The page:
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The Clive James Collection

Samantha Wilson

MADMAN: Despite the occasional cringeworthy 80s moment, these pioneering specials from Clive James provide a welcome trip into our recent past.
The Clive James Collection
Clive James has a special place in my heart, and in the heart of every one of my flat mates, who at one stage or another during my ten-hour viewing marathon of the recently released Complete Collection exclaimed the same sentence: “Oh, I used to watch him with my parents when I was little.”

The pudgy, deadpan Australian – a precursor to today’s Louis Theroux – charms his way across continents, lifestyles and sexy foils, all the while retaining an 80s sense of wonder at the ever-expanding world the baby boomers were born into, and have tried to overrun. And after watching ten straight hours of his commentary on everything from Japan to the Playboy Mansion, I have an internal monologue in his tone of voice that I seem unable to snap myself out of.

A lot of enjoyment found in the series comes from James’ attitude. Whether it be approaching wild elephants on safari, challenging the motivations of charity-giving squillionaires in Dallas, learning to not only drive a car but race it in a celebrity grand prix in Adelaide or – my highlight – taking part in Takeshi’s Castle, a Japanese adventure game show, each journey seems to emerge as a result of him saying: “Why not?”

This question has traced the trajectory of most of his critical career, as he has written on the subject of art, poetry and badly made-for-television movies. If it’s something the public is going to want to watch and take part in, why not tag along, commentating with a critical eye? This conceit for adventure does seem to overshoot at times, as in each episode at one stage or another you will invariably find him with nearly no kit on, but I do admire his willingness to take on whatever challenges his subjects throw at him.

This being an 80s television show, and with James having made it when he was already approaching middle age, there are moments of generational cringe that are more obvious now my age has moved into double digits. It’s no more obvious than in the episode where he is welcomed into the Playboy mansion, where – entering the pool for a swim – he voiceovers about his company’s extreme good looks before challenging them, in a patronising tone, about their ‘betrayal of feminism’. While this makes me want to punch a cushion, James has enough saving graces through his adventurous spirit to be tolerated in his moments of thoughtlessness.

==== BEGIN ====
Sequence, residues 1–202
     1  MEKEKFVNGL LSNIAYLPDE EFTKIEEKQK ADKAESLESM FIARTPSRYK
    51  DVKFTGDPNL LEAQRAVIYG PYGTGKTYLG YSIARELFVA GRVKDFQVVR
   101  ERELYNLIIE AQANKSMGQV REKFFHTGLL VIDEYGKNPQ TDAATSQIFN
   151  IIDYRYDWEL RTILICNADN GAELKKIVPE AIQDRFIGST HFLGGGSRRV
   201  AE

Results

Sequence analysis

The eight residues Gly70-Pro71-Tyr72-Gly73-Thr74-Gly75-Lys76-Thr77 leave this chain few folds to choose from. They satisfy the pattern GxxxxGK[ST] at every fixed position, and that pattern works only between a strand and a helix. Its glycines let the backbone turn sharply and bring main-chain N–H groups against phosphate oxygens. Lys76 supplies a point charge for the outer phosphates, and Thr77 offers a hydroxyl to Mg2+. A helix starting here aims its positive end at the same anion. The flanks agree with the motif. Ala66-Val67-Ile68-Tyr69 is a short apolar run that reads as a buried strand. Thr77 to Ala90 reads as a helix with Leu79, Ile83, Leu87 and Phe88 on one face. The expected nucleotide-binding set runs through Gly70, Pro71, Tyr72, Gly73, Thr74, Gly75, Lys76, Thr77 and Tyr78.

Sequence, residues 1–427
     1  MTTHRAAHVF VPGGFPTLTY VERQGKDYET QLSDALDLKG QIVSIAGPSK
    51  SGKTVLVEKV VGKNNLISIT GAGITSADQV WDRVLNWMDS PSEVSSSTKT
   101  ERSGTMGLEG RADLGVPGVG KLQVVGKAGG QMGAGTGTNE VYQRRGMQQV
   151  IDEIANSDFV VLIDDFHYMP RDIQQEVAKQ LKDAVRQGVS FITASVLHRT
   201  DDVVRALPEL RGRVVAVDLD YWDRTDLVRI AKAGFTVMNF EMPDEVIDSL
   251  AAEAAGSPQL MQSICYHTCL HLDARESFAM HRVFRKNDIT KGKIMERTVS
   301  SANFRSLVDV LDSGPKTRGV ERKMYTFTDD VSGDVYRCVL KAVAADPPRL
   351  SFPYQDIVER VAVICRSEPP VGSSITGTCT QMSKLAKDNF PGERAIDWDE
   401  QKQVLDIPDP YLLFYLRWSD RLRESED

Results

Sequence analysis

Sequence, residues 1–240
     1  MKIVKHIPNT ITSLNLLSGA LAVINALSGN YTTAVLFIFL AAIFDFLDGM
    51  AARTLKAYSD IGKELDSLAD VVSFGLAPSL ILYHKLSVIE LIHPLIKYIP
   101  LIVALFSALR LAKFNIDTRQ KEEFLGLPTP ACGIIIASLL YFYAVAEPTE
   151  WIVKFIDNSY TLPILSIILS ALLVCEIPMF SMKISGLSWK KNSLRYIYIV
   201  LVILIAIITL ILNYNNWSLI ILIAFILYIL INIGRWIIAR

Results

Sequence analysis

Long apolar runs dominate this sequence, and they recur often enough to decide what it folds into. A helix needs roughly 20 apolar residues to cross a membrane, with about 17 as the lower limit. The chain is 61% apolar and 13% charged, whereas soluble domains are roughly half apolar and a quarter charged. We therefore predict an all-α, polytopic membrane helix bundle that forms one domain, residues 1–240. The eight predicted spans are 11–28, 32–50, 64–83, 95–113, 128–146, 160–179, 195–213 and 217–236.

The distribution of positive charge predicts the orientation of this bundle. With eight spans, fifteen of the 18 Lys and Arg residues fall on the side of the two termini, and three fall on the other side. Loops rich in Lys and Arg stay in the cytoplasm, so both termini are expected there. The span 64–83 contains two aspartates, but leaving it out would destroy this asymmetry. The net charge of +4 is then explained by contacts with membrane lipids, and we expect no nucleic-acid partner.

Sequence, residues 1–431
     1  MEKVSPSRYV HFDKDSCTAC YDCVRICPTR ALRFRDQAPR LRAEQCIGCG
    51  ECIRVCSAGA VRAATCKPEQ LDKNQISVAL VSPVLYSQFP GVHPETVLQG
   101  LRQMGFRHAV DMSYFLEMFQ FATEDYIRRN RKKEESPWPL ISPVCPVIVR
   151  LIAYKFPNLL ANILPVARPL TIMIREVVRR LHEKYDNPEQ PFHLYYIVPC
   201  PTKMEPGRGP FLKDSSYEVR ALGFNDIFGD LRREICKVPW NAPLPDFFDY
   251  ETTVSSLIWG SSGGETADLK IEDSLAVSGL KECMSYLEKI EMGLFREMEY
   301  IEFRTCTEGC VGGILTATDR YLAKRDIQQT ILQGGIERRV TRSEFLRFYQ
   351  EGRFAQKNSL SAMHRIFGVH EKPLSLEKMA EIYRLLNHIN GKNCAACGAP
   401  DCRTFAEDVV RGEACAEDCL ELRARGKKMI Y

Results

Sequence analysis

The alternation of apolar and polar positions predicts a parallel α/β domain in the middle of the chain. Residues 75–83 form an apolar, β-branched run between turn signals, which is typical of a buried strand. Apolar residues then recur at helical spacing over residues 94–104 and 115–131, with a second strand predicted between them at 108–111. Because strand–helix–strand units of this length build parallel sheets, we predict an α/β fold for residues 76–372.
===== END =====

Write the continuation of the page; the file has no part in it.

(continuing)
These moments that make you cringe are offset by the number of times he exposes himself to humiliation at the hands of his own un-worldliness, an old-world bearing that many were only beginning to emerge from, or were being allowed to emerge from, as a result of cheaper travel options in the 70s and 80s.

I can't say enough about the importance of Clive James in the shaping of middle-class Australian identity at a time when confusion and cringe reigned in our cultural landscape. Though hopefully times have changed, and hopefully we have moved on somewhat in the past 25 years, this collection is a welcome trip into our recent past.

The Clive James Collection
UK, 1980s, 442 mins (three-disc set)

Out now on DVD
Distributor: Madman
Rated M

What the stars mean?
  • Five stars: Exceptional, unforgettable, a must see
  • Four and a half stars: Excellent, definitely worth seeing
  • Four stars: Accomplished and engrossing but not the best of its kind
  • Three and a half stars: Good, clever, well made, but not brilliant
  • Three stars: Solid, enjoyable, but unremarkable or flawed
  • Two and half stars: Neither good nor bad, just adequate
  • Two stars: Not without its moments, but ultimately unsuccessful
  • One star: Awful, to be avoided
  • Zero stars: Genuinely dreadful, bad on every level

About the author

Samantha Wilson is a freelance writer and poet. She also co-founded SNAFU Theatre, and has directed all eight of its productions, including Month of Sundays (2007), The Beginning of the End (2008), and both the Melbourne and Edinburgh Fringe seasons of Murder at Warrabah House (2011).

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